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Queens Chronicle

Council Funding To Increase English Classes For Immigrants

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Posted: Thursday, April 12, 2001 12:00 am | Updated: 3:50 pm, Mon Jul 11, 2011.

The City Council has approved a $5-million increase to its upcoming budget to fund English language classes at the numerous community service centers, schools and libraries that host free classes for immigrants hoping to learn English.

Now, most applicants to the courses are turned away, due to a lack of space and instructors.

“There is a myth out there that immigrants don’t want to learn English. That’s simply not true,” said K.C. Williams, director of the education program at the Jackson Heights office of the Forest Hills Community House.

Williams said public funding of English classes for immigrants is not a new initiative. Decades ago her own grandfather, an immigrant from Sicily, took a course similar to what is offered today.

“The first generation is often the lost generation,” she said, explaining that for the immigrants who make the move to come to this country, transition can be very hard.

It’s often the children of those immigrants who benefit most from the opportunities in the United States that their parents sought.

Williams said she sees all types of people applying, via lottery, for the chance to take the classes she oversees. Last year her office served people from 47 countries speaking 17 different languages.

Many of those people are not, by trade, manual laborers, though those are often the jobs they are forced to take in America, due to their lack of English-speaking skills.

Williams says she knows journalists, doctors, physicists, dentists and engineers—all working as office cleaners or doing other forms of unskilled work.

City Councilman John Sabini described his support of the funding by saying “immigrants built and continue to build this city.”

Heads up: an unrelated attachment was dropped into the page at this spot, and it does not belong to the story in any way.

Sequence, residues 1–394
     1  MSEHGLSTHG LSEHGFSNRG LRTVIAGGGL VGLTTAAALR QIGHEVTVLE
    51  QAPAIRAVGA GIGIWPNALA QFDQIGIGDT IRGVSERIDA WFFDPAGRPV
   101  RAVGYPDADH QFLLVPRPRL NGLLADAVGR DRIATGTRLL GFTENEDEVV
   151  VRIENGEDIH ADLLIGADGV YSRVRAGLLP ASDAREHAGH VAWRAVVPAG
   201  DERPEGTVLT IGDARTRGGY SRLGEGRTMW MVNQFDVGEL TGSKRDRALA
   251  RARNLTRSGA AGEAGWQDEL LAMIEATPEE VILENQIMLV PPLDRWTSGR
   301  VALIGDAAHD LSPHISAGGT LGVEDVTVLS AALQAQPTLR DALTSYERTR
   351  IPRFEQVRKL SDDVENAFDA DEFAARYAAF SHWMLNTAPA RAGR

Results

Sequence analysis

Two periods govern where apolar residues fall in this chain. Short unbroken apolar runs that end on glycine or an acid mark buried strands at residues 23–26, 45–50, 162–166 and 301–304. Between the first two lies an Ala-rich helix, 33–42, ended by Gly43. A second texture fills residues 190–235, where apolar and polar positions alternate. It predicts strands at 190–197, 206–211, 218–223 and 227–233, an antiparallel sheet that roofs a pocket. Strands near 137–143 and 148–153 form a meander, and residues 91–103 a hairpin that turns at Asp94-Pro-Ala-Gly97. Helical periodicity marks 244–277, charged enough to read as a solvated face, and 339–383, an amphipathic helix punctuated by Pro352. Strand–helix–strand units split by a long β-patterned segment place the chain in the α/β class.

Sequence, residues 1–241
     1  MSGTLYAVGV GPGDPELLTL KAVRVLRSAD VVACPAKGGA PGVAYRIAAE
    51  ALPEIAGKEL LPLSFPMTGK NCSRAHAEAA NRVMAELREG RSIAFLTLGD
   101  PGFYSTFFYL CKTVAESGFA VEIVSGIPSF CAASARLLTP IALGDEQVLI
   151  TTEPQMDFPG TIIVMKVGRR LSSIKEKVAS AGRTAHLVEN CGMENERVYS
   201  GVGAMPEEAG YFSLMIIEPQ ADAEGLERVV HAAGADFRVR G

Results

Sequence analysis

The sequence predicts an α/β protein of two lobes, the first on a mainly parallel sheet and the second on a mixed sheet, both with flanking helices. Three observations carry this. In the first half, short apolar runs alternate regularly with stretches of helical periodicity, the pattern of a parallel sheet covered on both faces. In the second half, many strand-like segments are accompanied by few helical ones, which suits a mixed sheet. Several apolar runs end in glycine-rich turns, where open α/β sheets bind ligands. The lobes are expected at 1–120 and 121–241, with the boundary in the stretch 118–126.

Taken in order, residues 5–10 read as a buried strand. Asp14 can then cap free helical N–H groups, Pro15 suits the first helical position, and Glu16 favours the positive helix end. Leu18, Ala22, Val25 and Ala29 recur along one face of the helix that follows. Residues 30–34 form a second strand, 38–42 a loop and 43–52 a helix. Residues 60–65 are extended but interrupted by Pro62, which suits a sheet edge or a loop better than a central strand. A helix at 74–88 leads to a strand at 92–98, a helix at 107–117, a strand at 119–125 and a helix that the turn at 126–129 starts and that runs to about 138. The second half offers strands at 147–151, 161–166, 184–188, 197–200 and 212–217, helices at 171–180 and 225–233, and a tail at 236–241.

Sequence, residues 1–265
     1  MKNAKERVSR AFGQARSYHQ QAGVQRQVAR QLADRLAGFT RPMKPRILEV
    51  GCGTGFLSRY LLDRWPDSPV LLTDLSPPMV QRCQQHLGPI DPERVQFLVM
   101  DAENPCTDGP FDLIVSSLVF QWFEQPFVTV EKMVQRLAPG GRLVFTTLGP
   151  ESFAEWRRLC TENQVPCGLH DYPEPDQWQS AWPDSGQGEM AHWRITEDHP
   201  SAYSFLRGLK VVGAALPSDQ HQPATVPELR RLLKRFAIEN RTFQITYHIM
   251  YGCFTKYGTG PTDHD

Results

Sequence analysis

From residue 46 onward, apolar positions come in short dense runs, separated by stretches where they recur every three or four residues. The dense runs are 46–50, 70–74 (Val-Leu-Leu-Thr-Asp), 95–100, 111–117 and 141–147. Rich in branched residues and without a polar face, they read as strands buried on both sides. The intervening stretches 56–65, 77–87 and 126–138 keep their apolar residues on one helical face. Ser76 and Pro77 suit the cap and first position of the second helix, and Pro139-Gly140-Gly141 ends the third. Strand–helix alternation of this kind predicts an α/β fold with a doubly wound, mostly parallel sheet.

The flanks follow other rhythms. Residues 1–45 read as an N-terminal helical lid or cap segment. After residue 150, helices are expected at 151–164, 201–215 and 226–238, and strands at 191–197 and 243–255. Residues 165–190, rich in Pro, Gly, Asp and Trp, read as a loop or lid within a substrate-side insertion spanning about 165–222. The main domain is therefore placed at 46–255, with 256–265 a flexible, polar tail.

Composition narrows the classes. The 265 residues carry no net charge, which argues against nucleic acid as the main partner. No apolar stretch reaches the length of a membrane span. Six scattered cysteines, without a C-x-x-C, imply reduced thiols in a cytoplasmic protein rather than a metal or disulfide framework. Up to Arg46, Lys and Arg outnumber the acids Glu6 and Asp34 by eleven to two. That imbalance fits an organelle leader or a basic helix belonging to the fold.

City Council Speaker Peter Vallone has also been supportive. “We cannot bring immigrants in and then leave them behind. We must lift them up.”

The Jackson Heights Office of the Forest Hills House does not advertise its English classes, and yet it has long lines of hopeful students who show up on registration day, hoping to be enrolled in a course.

“It’s purely word-of-mouth,” Williams said.

She does admit that a number of those taking English classes are probably in the country illegally. She said her policy is not to ask whether they are documented or not.

Many oppose the use of public money to fund programs for illegal aliens.

“Their children go to school here,” Williams said in explanation of her center’s “don’t ask” policy.

She also added that every time anyone makes a purchase at a store in New York City they pay sales tax, which should entitle them to some services.

Also, many times, due to their lack of English, immigrants are unaware of public assistance programs they may be legally entitled to.

Williams said that by investing in these non-English speakers, New York City is really investing in its own betterment.

The recently released 2000 Census figures show that 120,000 new immigrants move to New York City each year. That number is widely believed to be a serious undercount, as most undocumented aliens either don’t receive census forms or are afraid to answer any questions about their presence in the country.

The city’s current English language class funding only supports 10,000 classroom slots for adults through the Board of Education, the City University of New York, public libraries and the Department of Youth and Community Development.

Demand, the current system estimates, is in the hundreds of thousands.

The $5-million increase in City Council funds will add more than 3,300 classroom slots. The council is also requesting that the state increase its funding by $10 million, which it estimates will help serve an additional 5,000 immigrants.

“Without offering real opportunity to thousands of foreigners who make New York City their home, we are endangering our city’s future,” Sabini said.

“They came here for the American dream. They want to be able to help their children with their homework,” Williams said. “These are strong people. And they come out of this program, which is very intensive, speaking English.”

Welcome to the discussion.